Draupadi — A Tragedy
All stories have a central character who may not be the leading character but precipitates the main conflict in the narrative. More often than not it is a woman. More so if it is mythology or folklore.
Mahabharta is one of the two most popular mythological folklore in the Indian subcontinent, revered by many as factual.
The entire premise of Mahabharta is the struggle for the kingdom between two sets of cousins. Nothing new so far. More stories and folklore have been conceived around the power struggle between siblings and families than the stars in the sky, but Mahabharta stands out due to two characters — Krishna and Draupadi.
The character of Draupadi is the most underrated, least delved into, and hardly discussed.
Polygyny is common in mythology and folklore of India. A king like God or a god like King having several wives is never frowned upon. However, polyandry was for the first time portrayed in Mahabharta. Draupadi was married to several men at the same time, five to be precise.
The emotional conflict of being married to five men at the same time, the five men being brothers, in times of cliche “one man woman” and ultra Victorian morality era must have been tormenting for her.
Imagine being told by Kunti that she would be shared among the brothers like a commodity.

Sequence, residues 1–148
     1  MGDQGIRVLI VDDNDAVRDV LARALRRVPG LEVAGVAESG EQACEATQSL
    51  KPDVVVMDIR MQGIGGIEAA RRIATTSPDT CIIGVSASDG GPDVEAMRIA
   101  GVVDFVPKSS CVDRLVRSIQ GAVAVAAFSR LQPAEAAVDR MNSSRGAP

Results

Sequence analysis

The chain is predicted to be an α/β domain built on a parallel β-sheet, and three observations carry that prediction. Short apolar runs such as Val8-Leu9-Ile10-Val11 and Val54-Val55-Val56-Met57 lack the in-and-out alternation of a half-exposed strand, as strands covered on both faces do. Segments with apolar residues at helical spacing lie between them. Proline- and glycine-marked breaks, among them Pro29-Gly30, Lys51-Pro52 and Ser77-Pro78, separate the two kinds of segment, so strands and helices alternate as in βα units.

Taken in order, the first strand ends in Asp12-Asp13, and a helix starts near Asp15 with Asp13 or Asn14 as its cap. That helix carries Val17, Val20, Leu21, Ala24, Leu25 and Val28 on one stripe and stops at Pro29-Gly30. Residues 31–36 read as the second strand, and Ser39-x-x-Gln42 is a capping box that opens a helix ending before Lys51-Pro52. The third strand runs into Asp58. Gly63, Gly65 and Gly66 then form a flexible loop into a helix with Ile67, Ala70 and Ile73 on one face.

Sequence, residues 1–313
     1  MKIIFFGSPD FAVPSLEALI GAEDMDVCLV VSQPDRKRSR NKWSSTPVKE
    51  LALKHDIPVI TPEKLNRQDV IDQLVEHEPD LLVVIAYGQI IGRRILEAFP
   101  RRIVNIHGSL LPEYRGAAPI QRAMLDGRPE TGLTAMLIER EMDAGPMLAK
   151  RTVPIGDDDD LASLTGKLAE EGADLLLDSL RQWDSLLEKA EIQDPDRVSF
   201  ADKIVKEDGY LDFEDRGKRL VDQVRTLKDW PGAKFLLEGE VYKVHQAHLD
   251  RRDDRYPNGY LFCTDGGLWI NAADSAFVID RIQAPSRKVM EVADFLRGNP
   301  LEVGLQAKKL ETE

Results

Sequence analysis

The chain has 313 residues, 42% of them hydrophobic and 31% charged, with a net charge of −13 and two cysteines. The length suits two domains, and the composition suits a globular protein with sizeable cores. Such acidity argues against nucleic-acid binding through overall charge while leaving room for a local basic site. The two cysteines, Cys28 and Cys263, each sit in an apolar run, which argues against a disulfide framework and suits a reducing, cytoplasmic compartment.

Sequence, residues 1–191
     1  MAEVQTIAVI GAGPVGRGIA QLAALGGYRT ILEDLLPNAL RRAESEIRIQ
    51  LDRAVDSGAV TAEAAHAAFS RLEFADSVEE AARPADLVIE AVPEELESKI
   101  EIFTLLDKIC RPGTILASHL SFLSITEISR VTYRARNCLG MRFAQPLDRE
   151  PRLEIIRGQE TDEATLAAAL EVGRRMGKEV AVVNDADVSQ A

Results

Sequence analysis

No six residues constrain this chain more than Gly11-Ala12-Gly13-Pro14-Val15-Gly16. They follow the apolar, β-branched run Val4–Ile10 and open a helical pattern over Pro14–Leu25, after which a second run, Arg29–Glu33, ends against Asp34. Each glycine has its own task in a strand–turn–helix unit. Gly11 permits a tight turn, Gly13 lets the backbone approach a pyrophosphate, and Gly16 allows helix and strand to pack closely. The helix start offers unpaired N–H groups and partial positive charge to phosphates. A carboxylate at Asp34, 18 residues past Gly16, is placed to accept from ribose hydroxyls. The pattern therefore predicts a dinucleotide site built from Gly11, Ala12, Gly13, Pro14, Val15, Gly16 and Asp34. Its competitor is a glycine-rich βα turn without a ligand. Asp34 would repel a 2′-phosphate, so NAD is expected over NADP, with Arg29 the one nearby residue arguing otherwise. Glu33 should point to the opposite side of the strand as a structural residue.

To this day, the word “Draupadi” is a slur in Hindi heartland, denoting a woman of many men and sometimes a code word for gangrape. The name is so abhorrent to this day that it is almost impossible to come across girls named Draupadi. However, Sita is in there in almost every other household.
Interesting contrast in the legacy of the main female protagonists of the two major epics ever written - Mahabharata and Ramayana.
The Indian subcontinent practices one of the worst kinds of patriarchy in the world, cutting across religious lines. But to see the Pandav’s stake Draupadi in a game of Chausar (game of dice) in that era is revealing about the history of patriarchy in the region.
Draupadi, not only had to undergo the indignity of being wagered in the game by her husbands but also the ultimate humiliation of being disrobed in the court with every whos who of the era in attendance.
In the school, one question in the syllabus is asked year after year “Why was the battle of Kurukshetra, in Mahabharta, fought?” and almost everyone had been writing the same answer year after year — “for the kingdom of Hastinapur”.
No one ever thought for a minute, why not for the honour of Draupadi. Wasn’t her honour greater than the kingdom?
A princess made to be shared among five brothers as a wife, assaulted and humiliated, disrobed in the court in front of the nobility and commoners while her five husbands watched.
A mother (Draupadi) losing all her five sons in a war being fought for a kingdom, rather than her honour. Or was it being actually fought for the egos of the main male protagonists?
There is hardly any other female character more tragic than Draupadi, purely on the basis of the loss, torment, indignation suffered by her with grace, elegance, and silence without any hope of redemption.
Like all epics, Mahabharta also has a stellar cast of characters. The main characters that our imagination throws up at the mention of Mahabharta are Krishna, Yudhistra, Duryodhana, Arjuna and Karna. The lesser ones like Shakuni and Eklavya also pop up but never Draupadi.
Wouldnt it be interesting to see Mahabharta from Draupadi’s perspective.
Do leave a comment if you would like to revisit the Mahabharata from Draupadi’s perspective.